And there’s poetry. I’m not sure what to do with poems written by people with Western names lamenting how hard life is in a North Korean prison camp (without evidence , who’s to know if it’s US propaganda or someone speaking of what he knows?), or those that are hard to distinguish from touristic observations. And my familiar sense of being an outsider looking in when reading poetry is given a little boost by opaque cultural difference in a number of the poems here. I did, however, enjoy encountering all of them. I particularly liked Sivakami Velliangiri’s ‘Silent Cooking and Noisy Munching‘, which describes ‘old women with gagged mouths / cooking for the gods, in silence’, and discovers in their discipline and grace a metaphor for her art, and Changming Yuan’s ‘A Concise History of China in English‘, a witty piece made from little more than a list of Chinese words that have had vogues in the West over the centuries.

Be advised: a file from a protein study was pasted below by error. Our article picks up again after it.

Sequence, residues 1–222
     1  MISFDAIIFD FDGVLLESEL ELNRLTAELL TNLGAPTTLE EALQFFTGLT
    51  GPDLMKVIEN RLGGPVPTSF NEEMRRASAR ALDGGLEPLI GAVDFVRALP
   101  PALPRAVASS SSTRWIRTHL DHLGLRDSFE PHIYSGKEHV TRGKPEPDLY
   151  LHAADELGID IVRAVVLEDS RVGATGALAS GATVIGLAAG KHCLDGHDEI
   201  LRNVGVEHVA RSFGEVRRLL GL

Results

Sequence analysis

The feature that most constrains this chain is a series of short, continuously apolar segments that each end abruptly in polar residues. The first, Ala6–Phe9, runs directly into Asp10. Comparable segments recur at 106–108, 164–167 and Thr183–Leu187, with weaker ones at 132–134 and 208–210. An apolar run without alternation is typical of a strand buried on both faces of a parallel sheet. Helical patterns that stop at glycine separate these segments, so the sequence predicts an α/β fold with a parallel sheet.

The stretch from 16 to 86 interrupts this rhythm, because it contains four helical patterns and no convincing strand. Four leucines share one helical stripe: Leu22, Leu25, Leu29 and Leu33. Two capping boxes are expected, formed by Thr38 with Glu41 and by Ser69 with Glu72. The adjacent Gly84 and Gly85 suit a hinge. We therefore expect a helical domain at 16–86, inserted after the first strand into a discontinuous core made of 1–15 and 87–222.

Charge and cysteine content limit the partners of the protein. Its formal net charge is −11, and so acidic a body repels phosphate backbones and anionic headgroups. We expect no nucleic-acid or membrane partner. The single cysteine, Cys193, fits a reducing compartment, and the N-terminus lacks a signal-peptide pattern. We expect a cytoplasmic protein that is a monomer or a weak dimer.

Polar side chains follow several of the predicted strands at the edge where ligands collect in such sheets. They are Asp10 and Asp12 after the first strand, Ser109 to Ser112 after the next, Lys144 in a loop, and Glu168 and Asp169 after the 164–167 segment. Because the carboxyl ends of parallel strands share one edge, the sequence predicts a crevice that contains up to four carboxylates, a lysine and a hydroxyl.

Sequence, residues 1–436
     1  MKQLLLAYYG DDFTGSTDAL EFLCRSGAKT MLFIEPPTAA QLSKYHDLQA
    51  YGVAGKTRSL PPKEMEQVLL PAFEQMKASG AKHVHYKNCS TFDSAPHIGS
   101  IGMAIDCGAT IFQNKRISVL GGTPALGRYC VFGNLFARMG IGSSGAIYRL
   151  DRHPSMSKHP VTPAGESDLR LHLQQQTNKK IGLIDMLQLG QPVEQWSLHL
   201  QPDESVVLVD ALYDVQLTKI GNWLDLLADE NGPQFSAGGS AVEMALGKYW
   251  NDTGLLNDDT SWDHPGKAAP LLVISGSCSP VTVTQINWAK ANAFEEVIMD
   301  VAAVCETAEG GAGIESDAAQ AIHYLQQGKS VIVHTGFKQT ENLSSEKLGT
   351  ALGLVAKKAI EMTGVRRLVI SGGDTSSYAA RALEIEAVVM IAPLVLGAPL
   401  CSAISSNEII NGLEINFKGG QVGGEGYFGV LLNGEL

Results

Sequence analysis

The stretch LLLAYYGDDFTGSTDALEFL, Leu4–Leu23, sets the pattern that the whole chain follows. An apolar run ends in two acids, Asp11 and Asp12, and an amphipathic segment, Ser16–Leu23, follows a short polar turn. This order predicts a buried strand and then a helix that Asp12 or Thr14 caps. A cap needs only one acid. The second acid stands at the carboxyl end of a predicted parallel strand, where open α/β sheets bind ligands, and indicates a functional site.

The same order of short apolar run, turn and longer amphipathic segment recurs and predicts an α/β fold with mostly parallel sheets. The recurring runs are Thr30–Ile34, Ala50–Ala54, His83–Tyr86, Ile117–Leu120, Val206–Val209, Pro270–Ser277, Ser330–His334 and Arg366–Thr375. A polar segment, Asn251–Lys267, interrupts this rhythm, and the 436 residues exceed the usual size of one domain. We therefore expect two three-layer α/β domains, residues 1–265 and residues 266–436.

In short, a good read.

Asia Literary Review 24

Martin Alexander (editor) Asia Literary Review 24, [Northern] Summer 2012

I subscribed to the Asia Literary Review in 2009 for worthy motives: they had published a short story by my niece Edwina Shaw, and I wanted to support a publication that had faith in her; and it seemed a relatively painless way to ensure some cultural diversity in my reading.  I’ve kept on renewing my subscription because every issue has something to delight – from a photo essay on Karen exiles living on the Thai–Burmese border to a splendidly simple pasta sauce recipe. The current issue doesn’t disappoint.

Martin Alexander’s editorial announces that this journal is organised around the theme of identity. The contributors, he writes,